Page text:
Next generation of investors thinking beyond tech
by Rasha Khawaja
Entrepreneurs are the cornerstone of the UK economy, I would go so far to say that they are the life blood of it. Small businesses accounted for 99.3% of all private sector businesses at the start of 2016 and 99.9% were small or medium-sized (SMEs). The combined annual turnover of SMEs was a staggering £1.8 trillion, 47% of all private sector turnover in the UK. And, in true entrepreneurial style, this sector is steadfastly maturing and growing. As the start-up landscape in the UK matures so do the investors, and the founders.
Welcome the New Year, 2017, and a fresh new mentality. There has been a noticeably sharp increase in appetite for alternative investments as the savvier investors are starting to look beyond tech (fintech, edtech, medtech), and into the creative sector. Let me define what I mean by creative sector. You can conjure up ideas of advancing methods in innovation design engineering, to digital hair salons, experimental micro gastronomy, and reactive multi-sensory textiles. Despite these borderline outlandish concepts, the people behind these ideas are the ones who are solving practical, very real world, very simple, everyday problems. Providing us with elegant solutions and are passionately driven to resolving the issues of our future factories, transport and health care services. There is no denying that we live in a totally tech-enabled culture, everything you can think of can be reached through your personal smart device in the palm of your hand at a whim. And, in order for your business to survive, you need to be tech-savvy and to have an active social media presence.
However, there are ideas that transcend tech and where the tech merely plays a supporting, rather than critical, role in the vision of the company. Take, for instance, the UK’s most beloved designer and inventor, Sir James Dyson, his DC07 bagless Dyson vacuum cleaner has gone down into engineering folklore and is responsible for rekindling the imagination of a generation of aspirational innovators. And Chef, Jamie Oliver. Starting his career in 1997 – little did he know that those cooking skills would lead him to his empire today that employs an estimated 7,000 people worldwide and continues to inspire students daily through his Apprentice Programme at ‘Fifteen’ that aims to help young, disadvantaged people to turn their lives around. Other national treasures such as J.K Rowling, Julian Metcalfe, Jo Malone, Stella McCartney and the late Zaha Hadid, are all examples of individuals who dared to venture away from traditional tech and reaped the rewards. Not only have they all built hugely successful companies but they have also brought about compelling, positive and provocative social change along the way.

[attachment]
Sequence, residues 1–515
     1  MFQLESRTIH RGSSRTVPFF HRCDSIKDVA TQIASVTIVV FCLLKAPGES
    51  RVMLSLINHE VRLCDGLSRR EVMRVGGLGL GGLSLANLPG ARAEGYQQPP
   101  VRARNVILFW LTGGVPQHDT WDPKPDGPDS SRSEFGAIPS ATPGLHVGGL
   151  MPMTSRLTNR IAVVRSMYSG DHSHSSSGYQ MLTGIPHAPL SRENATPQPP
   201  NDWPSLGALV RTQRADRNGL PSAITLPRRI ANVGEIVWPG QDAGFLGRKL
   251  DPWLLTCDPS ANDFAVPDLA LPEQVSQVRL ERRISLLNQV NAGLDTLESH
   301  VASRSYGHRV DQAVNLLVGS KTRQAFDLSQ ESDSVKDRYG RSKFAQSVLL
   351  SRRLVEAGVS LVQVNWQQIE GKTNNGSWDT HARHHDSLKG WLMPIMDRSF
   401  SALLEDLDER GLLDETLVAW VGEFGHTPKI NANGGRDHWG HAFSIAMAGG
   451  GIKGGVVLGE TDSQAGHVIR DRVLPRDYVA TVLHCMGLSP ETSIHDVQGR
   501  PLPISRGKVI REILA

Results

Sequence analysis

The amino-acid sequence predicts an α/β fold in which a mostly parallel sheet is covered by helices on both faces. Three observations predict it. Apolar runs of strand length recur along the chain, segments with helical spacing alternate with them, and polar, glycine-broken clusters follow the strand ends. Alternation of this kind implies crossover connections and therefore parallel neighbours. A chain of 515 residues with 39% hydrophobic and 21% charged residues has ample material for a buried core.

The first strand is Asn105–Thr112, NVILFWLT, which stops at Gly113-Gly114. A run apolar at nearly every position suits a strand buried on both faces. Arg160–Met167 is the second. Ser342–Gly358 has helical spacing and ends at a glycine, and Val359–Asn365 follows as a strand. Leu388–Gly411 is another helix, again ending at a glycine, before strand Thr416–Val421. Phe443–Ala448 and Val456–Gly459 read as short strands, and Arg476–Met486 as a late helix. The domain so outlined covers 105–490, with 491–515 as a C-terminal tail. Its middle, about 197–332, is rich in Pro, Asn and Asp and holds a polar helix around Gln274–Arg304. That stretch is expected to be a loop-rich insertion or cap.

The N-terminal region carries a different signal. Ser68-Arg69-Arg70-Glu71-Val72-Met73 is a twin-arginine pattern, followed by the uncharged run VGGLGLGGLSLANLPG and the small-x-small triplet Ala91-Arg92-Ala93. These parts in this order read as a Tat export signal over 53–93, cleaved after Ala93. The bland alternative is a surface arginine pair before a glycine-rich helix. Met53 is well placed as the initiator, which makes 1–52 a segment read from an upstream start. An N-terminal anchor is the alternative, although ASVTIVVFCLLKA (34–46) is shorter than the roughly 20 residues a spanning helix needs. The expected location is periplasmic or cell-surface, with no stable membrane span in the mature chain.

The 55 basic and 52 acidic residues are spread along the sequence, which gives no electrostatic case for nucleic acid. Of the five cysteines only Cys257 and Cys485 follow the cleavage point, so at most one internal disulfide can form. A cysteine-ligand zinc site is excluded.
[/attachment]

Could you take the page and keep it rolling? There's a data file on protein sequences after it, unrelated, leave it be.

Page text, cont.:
The creative economy in the UK outperformed the general economy last year by 3.6 times and, with an estimated 2.8 million potential jobs in the creative sector in a post-brexit world, such numbers should not be sniffed at. This is categorically a sector that will only continue to grow as raw human ingenuity is not something that you can outsource. If anything, creativity is on the rise as we are looking at a generation who are being encouraged to be problem solvers and free thinkers. It is devastating to think that, despite the creative economy being so large, and even with substantial projected growth on the horizon, there do not seem to be many mechanisms in place to connect these stellar creatives with suitable, quality investors. With strong government support, most investments last year were directed towards technology start-ups, however the creative sector is being strongly and wrongly overlooked. Without proper support structures in place, these companies, as all start-up companies, have a high risk of failure and the solid industries that our country was originally founded on will gradually start to dissipate.
We categorically need to recognise the importance of mentoring and support the most driven creative entrepreneurs, those that are committed to meaningful social change. And investors have to start taking bolder risks to back more creative leaders, those who can be strong corporate citizens and have the potential to bring about positive changes to our economy. A call to action also goes out to all fertile creative minds who have been bewildered or disillusioned from commercialising their ideas. All ideas, no matter how big or small, can potentially change the world. And, with the right mentor and partners in place, nothing gives you more ultimate control than having real-world ownership of your concept and being able to share it with others. Not to mention the incredible satisfaction; that I can tell you from personal experience.
For this to happen, you have to allow people to come on the journey with you and help devise some order to your creativity, which takes time. Time to build trust and time to install the proper processes in place that are necessary for your company to grow effectively. Everything worthwhile is worth waiting for. Despite the recent shocks to the system, I am very optimistic for the year ahead. Hopefully, should UK investors start to take more calculated risks and our creatives start risking to venture into setting up more of their own businesses then the results could only prove beneficial to everyone.